1.4% is a tiny pay raise. In fact, with an average $50,000 salary, you’d be earning just $700 more for the whole year. That’s less than $60 extra per month in your paycheck. But you probably can’t afford to be going backwards with your purchasing power year after year after year. It’s one of many reasons pastors feel the long-term squeeze in their pocketbooks.

If it’s been a while since you’ve received a pay raise, you’re going to have to become proactive. You’re going to have to ask for one. There are many things that make salary negotiation uncomfortable for pastors. But it’s easier if you have a standing committee that meets regularly to discuss your salary.

If you need a raise, but don’t know how to start negotiating, sign up for a FREE 30-minute one-on-one strategy session to figure out your next steps

June’s spending plan almost broke our brains.

Each month’s spending plan is unique. This month’s spending plan is VERY unique!

During the school year, our plan can (more or less) stay about the same. Our general planning model is this: pay all of our necessary expenses, plan a few discretionary expenses, and anything left over gets dumped on old debt.

For instance, we’re about done paying off a 13.99% APR Discover Credit Card that we haven’t used now in two years. The Discover payment is $145 per month. But the new interest they charge us every month is about $90, so only $55 is actually going to pay off the debt. If we kept paying only the minimum payment, we’d be paying on that debt for another TEN YEARS!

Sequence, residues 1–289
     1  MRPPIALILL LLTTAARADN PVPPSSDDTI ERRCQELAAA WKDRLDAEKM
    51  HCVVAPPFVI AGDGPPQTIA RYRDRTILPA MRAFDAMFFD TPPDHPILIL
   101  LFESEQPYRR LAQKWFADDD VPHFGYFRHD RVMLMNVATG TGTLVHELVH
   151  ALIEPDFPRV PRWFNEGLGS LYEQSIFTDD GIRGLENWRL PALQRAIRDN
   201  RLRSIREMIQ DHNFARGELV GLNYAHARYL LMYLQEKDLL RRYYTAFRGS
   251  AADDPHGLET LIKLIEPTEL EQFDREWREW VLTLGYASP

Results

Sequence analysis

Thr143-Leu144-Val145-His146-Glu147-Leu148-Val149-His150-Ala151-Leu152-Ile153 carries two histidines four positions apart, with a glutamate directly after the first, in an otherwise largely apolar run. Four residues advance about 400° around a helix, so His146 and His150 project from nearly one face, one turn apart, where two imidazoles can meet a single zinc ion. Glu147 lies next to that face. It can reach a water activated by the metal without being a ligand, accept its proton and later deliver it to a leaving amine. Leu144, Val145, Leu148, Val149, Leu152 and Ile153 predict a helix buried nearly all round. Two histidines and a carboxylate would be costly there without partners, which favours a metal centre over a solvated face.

Now that Kendra’s done paying tuition on her cash-flowed master’s program (W00T!), we’ve been planning $1,500 per month to pay off the Discover Card. That will pay it off in 4 months.

You can use our debt payoff goal calculator to see how fast you can pay off a debt.

That's my boy!But our 10-year-old, Nathaniel, has just qualified for USA Gymnastics TNT National Championships in July (I’m so proud!).

But where are we going to get the money?! Truthfully, we haven’t been saving a bunch of money on the off-chance he might qualify. We didn’t plan for him to have to fly to Texas and stay in a convention hotel for five days and pay the additional registration and coaching fees.

So in this month’s spending plan, we’ll be paying just the minimum toward our old credit card debt so we can save up enough to send Nathaniel to Texas in July. This means that we’ll stay in debt at least one extra month. And that’s not something we take lightly. But it reflects our priorities and our thoughts about opportunity costs.

We also had to increase medical expenses in this month’s spending plan because of an upcoming doctor’s appointment.